Photos from this post come from the private collection of our friend Marge Spratt. She has been generous in sharing her ice boat photo collection and stories of growing up with the Collyers in Carthage Landing/Chelsea.   (one or two come from Ray Ruge's collection at the Hudson River Maritime Museum. I believe Ray got copies from Marge's originals)

Saturday, December 23, 2017

winter 17-18...

To start off a new season.... a rare photo of an unnamed ice yacht off of Poughkeepsie, just south of the Railroad Bridge (now the popular Walkway Over the Hudson). Classic gaff rigged Hudson River Ice Yacht. Circa....1910??
(from a photo in Rick Lawrence's collection) 

December in the Hudson Valley 2017....
managed to get the skates out on the 17th... ice was about 2" thick on Heron swamp. Will check Tivoli Bay the day after Xmas - a cold snap looks to be arriving then - at this point suggesting 4-5  nights of single digits. That's what we need! Get your runners sharpened!

Dec. 12. 2017 - A light covering of snow didn't hinder the skates, though slowed down the puck a bit.

Heron Swamp is a hidden little skating gem in upper Red Hook. Surrounded by hills on 3 sides, it is a pretty place to navigate the trees and bushes in the shallow swamp. 
see last photo for the nests of the namesake birds.  

 Reid Beilenberg set up the 1885 ice yacht Galatea on Warren Street in Hudson the first week of December for that city's annual Winter Walk. We talked with dozens and dozens of folks about the boat and sailing on the Hudson. 
Dock & Reid answer the common questions:  What is it? How fast does it go? You sail on the Hudson??
Galatea is from the Clarkson estate in Tivoli. Robert Livingston Clarkson was an original member of the HRIYC, joining in 1885.  He had 2 boats in 1888 - Galatea and Dashaway. Galatea is 32' in length and originally carried 410 sq ft of sail.  Dashaway was smaller - 220 sq ft; Dashaway later went to the Suckley fleet, at Wilderstein in Rhinecliff. 

Reid demonstrates the sailing position of the skipper. Galatea's cockpit is one of the larger ones, stretched out to 8 foot!
Galatea has had some exciting sailing since getting back on the ice a few years back!

waiting for the cold...
Merry Christmas!

Monday, July 3, 2017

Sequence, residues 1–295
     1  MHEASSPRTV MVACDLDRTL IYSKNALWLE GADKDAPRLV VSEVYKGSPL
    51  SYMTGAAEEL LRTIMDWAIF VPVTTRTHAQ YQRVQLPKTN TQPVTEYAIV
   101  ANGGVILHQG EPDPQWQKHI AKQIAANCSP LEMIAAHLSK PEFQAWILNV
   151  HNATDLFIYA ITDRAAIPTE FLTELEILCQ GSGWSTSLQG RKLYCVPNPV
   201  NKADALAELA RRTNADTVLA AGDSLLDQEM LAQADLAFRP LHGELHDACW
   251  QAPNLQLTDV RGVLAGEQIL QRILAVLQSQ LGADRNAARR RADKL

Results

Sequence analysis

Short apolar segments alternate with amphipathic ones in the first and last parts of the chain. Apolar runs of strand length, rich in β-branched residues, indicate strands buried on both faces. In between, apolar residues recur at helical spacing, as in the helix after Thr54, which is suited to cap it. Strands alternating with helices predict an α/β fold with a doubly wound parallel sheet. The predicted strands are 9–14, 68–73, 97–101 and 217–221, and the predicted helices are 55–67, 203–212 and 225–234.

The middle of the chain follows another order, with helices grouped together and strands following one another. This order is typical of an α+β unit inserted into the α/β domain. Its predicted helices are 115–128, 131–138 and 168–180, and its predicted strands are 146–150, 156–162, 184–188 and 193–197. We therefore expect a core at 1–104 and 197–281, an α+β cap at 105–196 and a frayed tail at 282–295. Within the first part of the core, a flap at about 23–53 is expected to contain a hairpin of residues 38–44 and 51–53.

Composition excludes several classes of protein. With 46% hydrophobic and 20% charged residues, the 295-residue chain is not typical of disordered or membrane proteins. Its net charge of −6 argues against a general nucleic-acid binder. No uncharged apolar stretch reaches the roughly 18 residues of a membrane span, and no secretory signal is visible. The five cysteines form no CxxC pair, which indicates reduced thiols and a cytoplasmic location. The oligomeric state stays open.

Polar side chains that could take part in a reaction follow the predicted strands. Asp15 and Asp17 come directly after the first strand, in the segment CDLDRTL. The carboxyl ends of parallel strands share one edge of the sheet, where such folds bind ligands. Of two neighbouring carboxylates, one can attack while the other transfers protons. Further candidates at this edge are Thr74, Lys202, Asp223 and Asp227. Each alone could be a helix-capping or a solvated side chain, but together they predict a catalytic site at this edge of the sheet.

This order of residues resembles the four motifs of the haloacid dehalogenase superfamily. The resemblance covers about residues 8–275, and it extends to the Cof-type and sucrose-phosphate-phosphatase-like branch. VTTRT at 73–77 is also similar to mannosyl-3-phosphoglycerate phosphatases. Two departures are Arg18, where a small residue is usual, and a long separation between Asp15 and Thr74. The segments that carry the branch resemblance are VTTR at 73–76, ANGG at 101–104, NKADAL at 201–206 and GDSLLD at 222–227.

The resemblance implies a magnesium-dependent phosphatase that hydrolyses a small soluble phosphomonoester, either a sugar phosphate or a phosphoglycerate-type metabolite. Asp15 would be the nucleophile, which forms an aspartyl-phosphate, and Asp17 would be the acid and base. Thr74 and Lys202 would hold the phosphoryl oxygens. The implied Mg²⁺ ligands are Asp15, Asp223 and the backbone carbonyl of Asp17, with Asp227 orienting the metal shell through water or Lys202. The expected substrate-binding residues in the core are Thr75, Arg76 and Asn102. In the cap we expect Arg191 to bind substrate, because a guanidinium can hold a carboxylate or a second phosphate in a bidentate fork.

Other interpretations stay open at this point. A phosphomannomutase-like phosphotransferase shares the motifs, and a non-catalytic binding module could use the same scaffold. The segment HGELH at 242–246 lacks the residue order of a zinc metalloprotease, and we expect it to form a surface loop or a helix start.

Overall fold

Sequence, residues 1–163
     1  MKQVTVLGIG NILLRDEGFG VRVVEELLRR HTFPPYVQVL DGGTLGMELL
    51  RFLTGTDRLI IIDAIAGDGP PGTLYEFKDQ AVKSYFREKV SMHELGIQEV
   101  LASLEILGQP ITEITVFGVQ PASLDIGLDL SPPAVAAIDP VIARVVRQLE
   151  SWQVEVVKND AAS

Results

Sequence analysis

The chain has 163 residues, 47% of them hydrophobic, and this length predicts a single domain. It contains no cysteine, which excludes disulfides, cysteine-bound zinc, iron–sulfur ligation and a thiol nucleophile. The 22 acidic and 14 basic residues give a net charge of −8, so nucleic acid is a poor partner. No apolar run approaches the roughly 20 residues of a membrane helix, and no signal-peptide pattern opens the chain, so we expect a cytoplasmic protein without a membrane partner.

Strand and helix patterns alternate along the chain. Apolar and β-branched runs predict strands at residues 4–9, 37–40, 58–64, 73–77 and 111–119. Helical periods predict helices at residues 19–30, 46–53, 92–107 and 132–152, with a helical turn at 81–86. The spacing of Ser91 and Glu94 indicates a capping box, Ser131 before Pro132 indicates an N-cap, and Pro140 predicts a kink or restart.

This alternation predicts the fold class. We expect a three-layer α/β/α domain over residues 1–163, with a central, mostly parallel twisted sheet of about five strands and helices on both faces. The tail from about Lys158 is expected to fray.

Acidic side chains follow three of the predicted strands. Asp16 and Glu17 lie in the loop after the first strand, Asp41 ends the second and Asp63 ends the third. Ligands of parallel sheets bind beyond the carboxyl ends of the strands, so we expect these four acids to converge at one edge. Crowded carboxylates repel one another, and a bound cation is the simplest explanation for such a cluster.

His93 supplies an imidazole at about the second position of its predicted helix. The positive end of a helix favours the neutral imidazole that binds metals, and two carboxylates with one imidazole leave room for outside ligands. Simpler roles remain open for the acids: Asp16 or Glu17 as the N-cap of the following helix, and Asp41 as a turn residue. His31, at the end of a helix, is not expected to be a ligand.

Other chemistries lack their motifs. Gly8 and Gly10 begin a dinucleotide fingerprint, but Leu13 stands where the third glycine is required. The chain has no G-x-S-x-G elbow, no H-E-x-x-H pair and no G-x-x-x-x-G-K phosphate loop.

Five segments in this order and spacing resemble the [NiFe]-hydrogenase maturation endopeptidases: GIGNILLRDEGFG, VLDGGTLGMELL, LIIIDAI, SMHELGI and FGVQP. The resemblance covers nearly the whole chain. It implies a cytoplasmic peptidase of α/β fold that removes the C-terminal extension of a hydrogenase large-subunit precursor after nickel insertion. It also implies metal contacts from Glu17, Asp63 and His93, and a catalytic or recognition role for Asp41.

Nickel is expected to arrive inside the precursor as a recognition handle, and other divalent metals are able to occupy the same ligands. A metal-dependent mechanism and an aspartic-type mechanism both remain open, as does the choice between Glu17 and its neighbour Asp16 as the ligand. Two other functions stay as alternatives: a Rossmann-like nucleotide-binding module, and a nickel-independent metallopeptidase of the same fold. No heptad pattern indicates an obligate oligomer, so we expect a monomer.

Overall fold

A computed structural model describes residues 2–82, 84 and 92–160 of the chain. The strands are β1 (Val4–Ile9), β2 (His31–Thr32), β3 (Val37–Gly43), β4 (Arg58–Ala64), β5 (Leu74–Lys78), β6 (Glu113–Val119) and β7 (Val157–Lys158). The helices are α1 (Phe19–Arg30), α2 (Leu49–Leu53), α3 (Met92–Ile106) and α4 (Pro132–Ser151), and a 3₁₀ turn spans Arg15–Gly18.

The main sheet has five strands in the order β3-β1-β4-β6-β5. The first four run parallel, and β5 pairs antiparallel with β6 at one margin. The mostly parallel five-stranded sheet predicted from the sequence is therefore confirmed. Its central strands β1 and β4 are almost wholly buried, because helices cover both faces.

Old Ice Yacht Challenge Pennant documents turn up in Jersey...

I went and visited with an old friend and fellow ice yacht historian - Greg Strand - down near Red Bank in April. Greg has been sailing A boats since the late 60s and has had a hand in acquiring, restoring and sailing dozens of big stern steerers over the years. He is a long time member of our Hudson River Ice Yacht Club as well as the North Shrewsbury Ice Boat & Yacht Club. He has been collecting history pertaining to ice yachting in Red Bank, and other Jersey ice yacht clubs.
He recently was contacted regarding a box of papers turned over to the village of Red Bank. He was amazed to see an incredible cache of ice yachting documents, race records and more dating back to the early 1880s.
Included was correspondence between the North Shrewsbury and Hudson River Ice Yacht Club. Starting in 1883, the NSIBYC sent their speediest yachts up to Poughkeepsie in attempts to capture the Ice Yacht Challenge Pennant of America.  Some of the documents pertain to ice conditions, acceptance of challenges, race summaries and telegrams between secretaries.  a few documents are included below:

Telegram from Poughkeepsie Ice Yacht Club Secretary Thomas Ransom.
This is early correspondence that led up to NSIYBC's first challenge for the Pennant. 

Letter from PIYC secretary Thomas Ransom. The race for the pennant took place on Feb. 23, 1883.
Scud was sole entry for NSIBYC and finished last. Seems they got the cold snap to firm up the ice.

Rare correspondence under the moniker 'Hudson River Corinthian Ice Yacht Club,'  as the HRIYC was briefly known. 
Archie Roger's brother Edmund Pendelton Rogers was first secretary of the HRIYC
 (formed a few weeks before this letter).
A curious correspondence about a 'National Ice Yacht Association.' I've seen no further reference to this, though various attempts to create a 'National Authority" have come up many times in the next 100 years...

Correspondence ahead of the Challenge Pennant race of 1893.